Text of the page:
The U.S. exports much of its recycling, contributing to an industry worth about $5 billion annually in plastic scrap alone. Of the world’s 500 million tons of electronic waste and 12 million tons of plastic waste created each year, China imports about 70 percent. China receives 75 percent of aluminum scraps exports from the U.S., 60 percent of scrap paper exports and 50 percent of plastic exports. These exports have been steadily increasing, peaking in 2011 at just over $1 billion. Scrap was the top U.S. export to China by value ($11.3 billion) in 2011.

Reprocessed materials can be used to make a variety of new products such as polar fleeces and stadium seats. Though this brings some benefits to the economy, the materials that cannot be recycled end up in Chinese landfills. Often the trash or recycling is toxic, and the huge volumes pile up into trash mountains that have buried people alive.

The U.S. used to profit from the exports because the country did not need to invest in technology or labor to process it. However, after the Chinese government initiated a Green Fence campaign banning certain foreign garbage in 2013, the U.S. is charged for shipping trash rejected from China. The campaign bans poorly sorted or contaminated shipments, allowing up to 1.5 percent of contaminants for each bale of imported recyclables (including materials such as metal, plastics, textiles, rubber and recovered paper). American recyclers are also subject to demurrage charges while the materials are stored in ports. In the first three months of the ban, China halted 55 shipments and rejected 7,600 tons of recycled materials. There have been reports of waste being sent to countries like Vietnam, Indonesia and Malaysia — and rejected waste going to landfills.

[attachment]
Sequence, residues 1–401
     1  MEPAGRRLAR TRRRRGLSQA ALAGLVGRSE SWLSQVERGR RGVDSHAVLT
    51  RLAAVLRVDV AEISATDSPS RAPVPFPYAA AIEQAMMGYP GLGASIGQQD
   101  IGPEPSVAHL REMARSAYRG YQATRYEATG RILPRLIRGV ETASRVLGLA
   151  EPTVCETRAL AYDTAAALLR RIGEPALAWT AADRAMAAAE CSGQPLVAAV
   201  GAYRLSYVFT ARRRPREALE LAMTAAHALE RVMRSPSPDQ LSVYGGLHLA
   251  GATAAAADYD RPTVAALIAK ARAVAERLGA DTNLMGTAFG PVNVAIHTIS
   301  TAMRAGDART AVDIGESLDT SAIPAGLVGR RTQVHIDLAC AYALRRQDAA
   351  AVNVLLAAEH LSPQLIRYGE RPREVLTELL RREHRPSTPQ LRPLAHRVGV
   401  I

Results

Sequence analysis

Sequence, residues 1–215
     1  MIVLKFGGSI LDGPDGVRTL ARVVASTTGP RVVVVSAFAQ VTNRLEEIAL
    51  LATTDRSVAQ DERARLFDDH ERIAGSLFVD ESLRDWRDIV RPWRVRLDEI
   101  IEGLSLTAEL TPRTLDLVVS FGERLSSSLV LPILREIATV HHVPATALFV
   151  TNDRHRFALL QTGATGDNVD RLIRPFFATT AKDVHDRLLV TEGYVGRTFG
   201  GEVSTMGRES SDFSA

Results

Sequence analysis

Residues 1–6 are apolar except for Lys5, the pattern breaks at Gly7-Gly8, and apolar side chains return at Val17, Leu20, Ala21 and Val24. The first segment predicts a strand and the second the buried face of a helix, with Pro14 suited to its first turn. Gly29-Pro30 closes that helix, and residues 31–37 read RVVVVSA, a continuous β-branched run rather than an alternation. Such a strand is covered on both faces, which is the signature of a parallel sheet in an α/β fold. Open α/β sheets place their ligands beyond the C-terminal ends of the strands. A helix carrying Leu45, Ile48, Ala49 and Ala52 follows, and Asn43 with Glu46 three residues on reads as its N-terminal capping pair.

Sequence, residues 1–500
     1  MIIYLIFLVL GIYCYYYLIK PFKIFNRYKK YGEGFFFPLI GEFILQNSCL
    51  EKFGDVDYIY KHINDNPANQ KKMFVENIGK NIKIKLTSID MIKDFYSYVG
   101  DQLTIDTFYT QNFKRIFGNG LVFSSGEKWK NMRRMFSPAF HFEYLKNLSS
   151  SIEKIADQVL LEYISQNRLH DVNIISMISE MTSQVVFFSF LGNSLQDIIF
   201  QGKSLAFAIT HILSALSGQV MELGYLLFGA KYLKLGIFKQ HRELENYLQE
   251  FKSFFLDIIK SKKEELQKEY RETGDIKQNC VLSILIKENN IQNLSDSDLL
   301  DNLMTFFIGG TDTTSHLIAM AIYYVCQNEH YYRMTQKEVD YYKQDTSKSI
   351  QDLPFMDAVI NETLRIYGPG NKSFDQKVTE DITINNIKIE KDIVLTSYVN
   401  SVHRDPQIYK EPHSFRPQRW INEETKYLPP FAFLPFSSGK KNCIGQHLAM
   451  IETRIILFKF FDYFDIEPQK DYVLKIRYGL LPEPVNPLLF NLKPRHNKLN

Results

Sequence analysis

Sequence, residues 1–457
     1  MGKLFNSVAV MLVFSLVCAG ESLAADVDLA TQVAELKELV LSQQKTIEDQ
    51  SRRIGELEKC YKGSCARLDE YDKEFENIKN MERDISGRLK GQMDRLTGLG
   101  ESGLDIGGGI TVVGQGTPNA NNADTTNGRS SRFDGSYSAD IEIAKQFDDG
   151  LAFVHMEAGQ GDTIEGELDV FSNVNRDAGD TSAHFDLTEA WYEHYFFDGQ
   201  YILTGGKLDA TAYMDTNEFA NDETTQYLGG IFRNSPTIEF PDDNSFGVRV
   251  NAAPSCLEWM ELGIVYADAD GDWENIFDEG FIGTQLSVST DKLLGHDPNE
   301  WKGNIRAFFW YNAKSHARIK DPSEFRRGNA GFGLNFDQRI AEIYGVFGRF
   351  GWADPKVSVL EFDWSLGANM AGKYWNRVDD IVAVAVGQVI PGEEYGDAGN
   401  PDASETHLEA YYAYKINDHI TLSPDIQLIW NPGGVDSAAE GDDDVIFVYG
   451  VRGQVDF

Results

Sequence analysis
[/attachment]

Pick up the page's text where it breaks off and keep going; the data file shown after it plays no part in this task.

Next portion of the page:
Because China controls much of the recycling market, this campaign has forced western countries to rethink their dependence on cheap exports.

However, there is also much left to be confirmed about China’s recycling infrastructure. The system is supposedly made up of mostly small-scale, often family-owned firms using low technology. The country’s lack of regulation raises fears about environmental and health consequences, such as acid pollution, toxic fumes and worker health.

Several states have enacted legislation banning non-reusable plastic bags, or even paper bags. In 2014, California became the first state to ban single-use plastic bags at large retail stores. The state also charges a minimum 10 cents for recycled paper bags, reusable plastic bags and compostable bags at certain locations. Hawaii also bans plastic bags and paper bags with less than 40 percent recycled material. The District of Columbia and North Carolina have similar bans. But many argue these piecemeal bans are not enough to adjust to a demanding recycling system.

The Bureau of International Recycling has published guidelines for environmentally sound waste management. The EPA has created a guide for sustainable materials management up until 2020, and has been advocating for stronger public and private partnerships. However, the newest recycling plants in the U.S. are only from 2003, leaving much room for improvement.

“We are a part of the global trash and recycling system, whether we like it or not,” Chapman remarked. “Doing our part to send clean streams of recycling, whether that is remanufactured here in the States or overseas in China because of lower wage rates and more remanufacturing opportunities, means that less trash will be incorrectly disposed of.”